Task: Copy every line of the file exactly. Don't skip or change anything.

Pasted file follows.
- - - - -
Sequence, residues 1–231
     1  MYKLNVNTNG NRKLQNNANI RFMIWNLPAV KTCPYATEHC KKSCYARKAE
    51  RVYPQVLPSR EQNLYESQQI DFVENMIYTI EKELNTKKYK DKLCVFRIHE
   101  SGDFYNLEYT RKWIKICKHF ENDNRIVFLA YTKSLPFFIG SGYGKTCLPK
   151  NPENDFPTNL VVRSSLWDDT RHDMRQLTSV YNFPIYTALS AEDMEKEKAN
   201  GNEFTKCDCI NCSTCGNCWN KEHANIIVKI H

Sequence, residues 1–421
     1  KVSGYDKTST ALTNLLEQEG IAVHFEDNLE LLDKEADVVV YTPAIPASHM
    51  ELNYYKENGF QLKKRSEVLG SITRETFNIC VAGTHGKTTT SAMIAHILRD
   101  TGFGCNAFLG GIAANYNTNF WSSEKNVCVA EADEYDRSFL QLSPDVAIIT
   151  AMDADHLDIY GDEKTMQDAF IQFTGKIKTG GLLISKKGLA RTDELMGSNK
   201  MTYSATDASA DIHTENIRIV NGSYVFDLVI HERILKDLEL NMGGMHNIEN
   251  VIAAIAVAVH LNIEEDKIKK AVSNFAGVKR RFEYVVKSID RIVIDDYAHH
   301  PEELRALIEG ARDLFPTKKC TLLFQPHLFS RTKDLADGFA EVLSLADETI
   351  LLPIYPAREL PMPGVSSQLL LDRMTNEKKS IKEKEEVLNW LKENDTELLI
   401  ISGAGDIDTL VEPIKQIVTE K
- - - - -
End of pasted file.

Sequence, residues 1–231
     1  MYKLNVNTNG NRKLQNNANI RFMIWNLPAV KTCPYATEHC KKSCYARKAE
    51  RVYPQVLPSR EQNLYESQQI DFVENMIYTI EKELNTKKYK DKLCVFRIHE
   101  SGDFYNLEYT RKWIKICKHF ENDNRIVFLA YTKSLPFFIG SGYGKTCLPK
   151  NPENDFPTNL VVRSSLWDDT RHDMRQLTSV YNFPIYTALS AEDMEKEKAN
   201  GNEFTKCDCI NCSTCGNCWN KEHANIIVKI H

Sequence, residues 1–421
     1  KVSGYDKTST ALTNLLEQEG IAVHFEDNLE LLDKEADVVV YTPAIPASHM
    51  ELNYYKENGF QLKKRSEVLG SITRETFNIC VAGTHGKTTT SAMIAHILRD
   101  TGFGCNAFLG GIAANYNTNF WSSEKNVCVA EADEYDRSFL QLSPDVAIIT
   151  AMDADHLDIY GDEKTMQDAF IQFTGKIKTG GLLISKKGLA RTDELMGSNK
   201  MTYSATDASA DIHTENIRIV NGSYVFDLVI HERILKDLEL NMGGMHNIEN
   251  VIAAIAVAVH LNIEEDKIKK AVSNFAGVKR RFEYVVKSID RIVIDDYAHH
   301  PEELRALIEG ARDLFPTKKC TLLFQPHLFS RTKDLADGFA EVLSLADETI
   351  LLPIYPAREL PMPGVSSQLL LDRMTNEKKS IKEKEEVLNW LKENDTELLI
   401  ISGAGDIDTL VEPIKQIVTE K